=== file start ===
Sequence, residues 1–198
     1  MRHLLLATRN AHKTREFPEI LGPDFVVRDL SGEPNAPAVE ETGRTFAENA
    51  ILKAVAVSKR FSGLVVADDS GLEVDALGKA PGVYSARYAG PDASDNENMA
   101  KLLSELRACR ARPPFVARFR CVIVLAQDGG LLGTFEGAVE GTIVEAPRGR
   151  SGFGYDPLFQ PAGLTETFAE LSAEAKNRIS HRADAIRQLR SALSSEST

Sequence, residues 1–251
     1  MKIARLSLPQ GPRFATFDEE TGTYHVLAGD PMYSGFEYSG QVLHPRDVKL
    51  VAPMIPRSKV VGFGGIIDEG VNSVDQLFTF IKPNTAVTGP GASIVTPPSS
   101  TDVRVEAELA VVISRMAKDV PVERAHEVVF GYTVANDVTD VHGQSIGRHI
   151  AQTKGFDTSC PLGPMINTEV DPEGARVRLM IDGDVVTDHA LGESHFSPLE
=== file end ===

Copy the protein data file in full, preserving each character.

Sequence, residues 1–198
     1  MRHLLLATRN AHKTREFPEI LGPDFVVRDL SGEPNAPAVE ETGRTFAENA
    51  ILKAVAVSKR FSGLVVADDS GLEVDALGKA PGVYSARYAG PDASDNENMA
   101  KLLSELRACR ARPPFVARFR CVIVLAQDGG LLGTFEGAVE GTIVEAPRGR
   151  SGFGYDPLFQ PAGLTETFAE LSAEAKNRIS HRADAIRQLR SALSSEST

Sequence, residues 1–251
     1  MKIARLSLPQ GPRFATFDEE TGTYHVLAGD PMYSGFEYSG QVLHPRDVKL
    51  VAPMIPRSKV VGFGGIIDEG VNSVDQLFTF IKPNTAVTGP GASIVTPPSS
   101  TDVRVEAELA VVISRMAKDV PVERAHEVVF GYTVANDVTD VHGQSIGRHI
   151  AQTKGFDTSC PLGPMINTEV DPEGARVRLM IDGDVVTDHA LGESHFSPLE